Another option is cultivating goldenseal in new regions. An experiment conducted by Douglas et al. grew goldenseal over a six-year period in a warm, temperate environment in New Zealand. The yields were 74% higher in the sixth year of growth compared to the fourth year of growth, which is when goldenseal is normally harvested. The overall growth of the allochthonous goldenseal was comparable to that found in the United States, and the hydrastine and berberine concentrations were within the American and European standards. Cultivating goldenseal in a New Zealand environment that is similar to its home range is an option to maintain its population.
- Oliver, L. (2016). "Hydrastis canadensis". The IUCN Red List of Threatened Species. IUCN. 208. e.T44340011A44340071. doi:10.2305/IUCN.UK.2017-2.RLTS.T44340011A44340071.en.
- "Hydrastis canadensis". Germplasm Resources Information Network (GRIN). Agricultural Research Service (ARS), United States Department of Agriculture (USDA). Retrieved 2017-12-12.
- Christensen, Deanna; Gorchov, David (2010). "Population dynamics of goldenseal (Hydrastis canadensis) in the core of its historical range". Plant Ecology. 210 (2): 195–211. doi:10.1007/s11258-010-9749-2.
- Foster S. and Duke J. (2000): A Field guide to Medicinal Plants and Herbs of Eastern and Central North America. New York, Houghton Mifflin
- Goldenseal, American Cancer Society.
- Barton, Benjamin. "Benjamin Smith Barton MD – Collections for an Essay Towards a Materia Medica of the United States (p. 8)". Nlm.nih.gov. Retrieved 2017-02-20.
- Mahady, Gail; Chadwick, Lucas (2001). "Goldenseal (Hydrastis canadensis): Is there enough scientific evidence to support safety and efficacy?". Nutrition in Clinical Care. 4 (5): 243–249. doi:10.1046/j.1523-5408.2001.00004.x.
- Niering, William A.; Olmstead, Nancy C. (1985) . The Audubon Society Field Guide to North American Wildflowers, Eastern Region. Knopf. p. 737. ISBN 0-394-50432-1.
- Weber HA, Zart MK, Hodges AE, et al. (December 2003). "Chemical comparison of goldenseal (Hydrastis canadensis L.) root powder from three commercial suppliers". Journal of Agricultural and Food Chemistry. 51 (25): 7352–8. doi:10.1021/jf034339r. PMID 14640583.
- Gentry EJ, Jampani HB, Keshavarz-Shokri A, et al. (October 1998). "Antitubercular natural products: berberine from the roots of commercial Hydrastis canadensis powder. Isolation of inactive 8-oxotetrahydrothalifendine, canadine, beta-hydrastine, and two new quinic acid esters, hycandinic acid esters-1 and −2". Journal of Natural Products. 61 (10): 1187–93. doi:10.1021/np9701889. PMID 9784149.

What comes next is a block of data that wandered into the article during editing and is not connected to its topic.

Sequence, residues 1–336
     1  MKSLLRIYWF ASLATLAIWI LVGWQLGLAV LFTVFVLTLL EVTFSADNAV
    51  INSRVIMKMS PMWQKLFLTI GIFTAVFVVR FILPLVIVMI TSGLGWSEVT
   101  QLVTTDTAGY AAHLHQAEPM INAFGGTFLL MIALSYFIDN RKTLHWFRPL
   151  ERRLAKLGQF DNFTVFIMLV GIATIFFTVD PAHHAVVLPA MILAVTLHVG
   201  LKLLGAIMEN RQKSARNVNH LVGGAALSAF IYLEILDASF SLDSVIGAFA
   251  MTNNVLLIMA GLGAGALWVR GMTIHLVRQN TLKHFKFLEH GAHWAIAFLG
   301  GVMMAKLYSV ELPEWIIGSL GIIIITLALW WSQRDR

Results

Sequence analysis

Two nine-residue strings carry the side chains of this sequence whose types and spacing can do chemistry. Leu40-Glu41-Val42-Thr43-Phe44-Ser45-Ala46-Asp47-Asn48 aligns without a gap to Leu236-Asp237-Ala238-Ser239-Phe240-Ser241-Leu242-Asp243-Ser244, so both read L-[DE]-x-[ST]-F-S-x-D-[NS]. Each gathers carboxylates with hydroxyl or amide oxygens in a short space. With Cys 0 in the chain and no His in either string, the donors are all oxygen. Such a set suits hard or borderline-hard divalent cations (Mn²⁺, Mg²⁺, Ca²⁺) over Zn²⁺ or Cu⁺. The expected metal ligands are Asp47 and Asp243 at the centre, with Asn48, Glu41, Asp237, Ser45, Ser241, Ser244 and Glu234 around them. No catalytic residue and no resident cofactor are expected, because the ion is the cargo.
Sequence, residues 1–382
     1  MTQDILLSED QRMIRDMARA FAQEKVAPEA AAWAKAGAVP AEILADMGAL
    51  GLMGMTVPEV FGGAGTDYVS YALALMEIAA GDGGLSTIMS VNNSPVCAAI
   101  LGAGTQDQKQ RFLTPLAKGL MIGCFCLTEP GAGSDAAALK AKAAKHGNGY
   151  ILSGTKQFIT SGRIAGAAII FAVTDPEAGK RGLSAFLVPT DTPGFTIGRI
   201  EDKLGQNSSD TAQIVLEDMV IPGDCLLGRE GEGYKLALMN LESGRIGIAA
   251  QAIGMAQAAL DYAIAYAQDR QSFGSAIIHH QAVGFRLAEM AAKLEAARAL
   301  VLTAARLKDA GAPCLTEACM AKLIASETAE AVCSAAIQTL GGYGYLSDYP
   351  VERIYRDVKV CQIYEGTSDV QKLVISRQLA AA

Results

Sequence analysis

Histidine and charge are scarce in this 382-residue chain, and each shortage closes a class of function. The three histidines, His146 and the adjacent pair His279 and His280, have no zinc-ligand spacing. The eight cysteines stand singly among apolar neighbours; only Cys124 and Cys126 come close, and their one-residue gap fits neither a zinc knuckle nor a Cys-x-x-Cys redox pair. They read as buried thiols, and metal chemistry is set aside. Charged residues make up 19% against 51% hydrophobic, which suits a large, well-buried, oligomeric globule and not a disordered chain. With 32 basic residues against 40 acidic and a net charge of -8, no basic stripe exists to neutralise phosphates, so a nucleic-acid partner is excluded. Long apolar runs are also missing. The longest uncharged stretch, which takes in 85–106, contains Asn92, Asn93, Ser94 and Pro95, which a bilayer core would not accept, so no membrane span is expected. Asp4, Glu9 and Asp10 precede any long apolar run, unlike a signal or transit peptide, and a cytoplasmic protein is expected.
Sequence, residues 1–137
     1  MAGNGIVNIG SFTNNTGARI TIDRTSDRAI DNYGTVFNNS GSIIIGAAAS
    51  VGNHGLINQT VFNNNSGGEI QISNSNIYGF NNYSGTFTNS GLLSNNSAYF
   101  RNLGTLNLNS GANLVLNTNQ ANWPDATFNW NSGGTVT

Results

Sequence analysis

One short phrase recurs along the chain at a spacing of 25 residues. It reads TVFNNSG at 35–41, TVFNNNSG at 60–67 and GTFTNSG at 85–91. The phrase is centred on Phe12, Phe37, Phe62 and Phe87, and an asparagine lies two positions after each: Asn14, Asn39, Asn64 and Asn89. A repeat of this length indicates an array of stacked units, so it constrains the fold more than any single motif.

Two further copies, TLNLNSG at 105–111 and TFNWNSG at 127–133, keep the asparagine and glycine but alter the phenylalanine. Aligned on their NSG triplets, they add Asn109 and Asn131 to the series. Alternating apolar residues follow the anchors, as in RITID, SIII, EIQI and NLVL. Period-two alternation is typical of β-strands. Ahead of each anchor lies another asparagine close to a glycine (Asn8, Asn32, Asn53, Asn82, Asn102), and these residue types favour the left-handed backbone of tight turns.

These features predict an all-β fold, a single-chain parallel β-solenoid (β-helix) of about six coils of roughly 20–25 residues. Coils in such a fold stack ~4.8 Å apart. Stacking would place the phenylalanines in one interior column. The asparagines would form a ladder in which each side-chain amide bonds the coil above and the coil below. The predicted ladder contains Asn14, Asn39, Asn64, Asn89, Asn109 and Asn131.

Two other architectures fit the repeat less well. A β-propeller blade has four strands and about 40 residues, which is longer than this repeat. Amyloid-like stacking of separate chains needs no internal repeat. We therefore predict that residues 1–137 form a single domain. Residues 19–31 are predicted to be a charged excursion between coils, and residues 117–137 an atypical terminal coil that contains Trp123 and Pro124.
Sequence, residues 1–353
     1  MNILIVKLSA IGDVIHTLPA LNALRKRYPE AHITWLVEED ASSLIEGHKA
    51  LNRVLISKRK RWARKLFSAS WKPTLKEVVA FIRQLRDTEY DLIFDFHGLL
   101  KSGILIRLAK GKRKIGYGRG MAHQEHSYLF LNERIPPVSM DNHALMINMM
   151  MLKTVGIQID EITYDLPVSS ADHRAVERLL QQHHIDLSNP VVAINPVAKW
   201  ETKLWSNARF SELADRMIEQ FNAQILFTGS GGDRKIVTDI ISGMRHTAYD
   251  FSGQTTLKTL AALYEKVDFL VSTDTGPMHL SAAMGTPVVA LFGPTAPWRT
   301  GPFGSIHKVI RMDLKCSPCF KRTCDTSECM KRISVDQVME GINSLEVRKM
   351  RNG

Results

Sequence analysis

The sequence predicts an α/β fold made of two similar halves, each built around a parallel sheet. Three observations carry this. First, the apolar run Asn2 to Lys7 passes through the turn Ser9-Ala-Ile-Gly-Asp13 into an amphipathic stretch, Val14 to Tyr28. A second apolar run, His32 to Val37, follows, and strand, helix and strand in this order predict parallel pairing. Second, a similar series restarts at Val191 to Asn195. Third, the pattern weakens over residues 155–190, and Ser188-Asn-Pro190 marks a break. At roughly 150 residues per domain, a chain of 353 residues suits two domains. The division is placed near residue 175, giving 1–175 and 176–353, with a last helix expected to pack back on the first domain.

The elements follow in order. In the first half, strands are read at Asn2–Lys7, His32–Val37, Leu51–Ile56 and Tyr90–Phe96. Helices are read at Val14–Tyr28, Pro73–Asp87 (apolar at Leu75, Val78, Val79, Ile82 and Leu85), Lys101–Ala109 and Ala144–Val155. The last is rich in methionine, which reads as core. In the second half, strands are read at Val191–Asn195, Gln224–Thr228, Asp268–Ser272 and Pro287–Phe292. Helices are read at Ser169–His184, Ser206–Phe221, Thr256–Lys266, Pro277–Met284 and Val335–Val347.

- Douglas, JA; Follett, JM; Waller, JE; Sansom, CE (2010). "Seasonal variation of biomass and bioactive alkaloid content of goldenseal, Hydrastis canadensis". Fitoterapia. 81 (7): 925–928. doi:10.1016/j.fitote.2010.06.006. PMID 20550958.
- Ettefagh K.A., Burns J.T., Junio H.A., Kaatz G.W., Cech N.B., "Goldenseal (Hydrastis canadensis L.) Extracts Synergistically Enhance the Antibacterial Activity of Berberine via Efflux Pump Inhibition", Planta Medica 2010
- Goldenseal, WebMD.
- "Drugs and Lactation Database (LactMed)". Drugs and Lactation Database (LactMed). 2006. PMID 30000926.
- Dunnick JK, "Investigating the Potential for Toxicity from Long-Term Use of the Herbal Products, Goldenseal and Milk Thistle." Toxicol Pathol. 2011 Feb 7;
- Gurley BJ, Gardner SF, Hubbard MA, Williams DK, Gentry WB, Khan IA, Shah A (2005). "In vivo effects of goldenseal, kava kava, black cohosh, and valerian on human cytochrome P450 1A2, 2D6, 2E1, and 3A4/5 phenotypes". Clin. Pharmacol. Ther. 77 (5): 415–26. doi:10.1016/j.clpt.2005.01.009. PMC 1894911. PMID 15900287.
- "Interaktion mellan läkemedel - FASS Vårdpersonal". Fass.se. Retrieved 16 March 2019.
- Zackrisson, A.L.; Holmgren, P.; Gladh, A.B.; Ahlner, J.; Lindblom, B. (October 2004). "Fatal intoxication cases: cytochrome P 450 2D6 and 2C19 genotype distributions". European Journal of Clinical Pharmacology. Springer-Verlag. 60 (8): 547–552. doi:10.1007/s00228-004-0800-x. ISSN 1432-1041. PMID 15349706.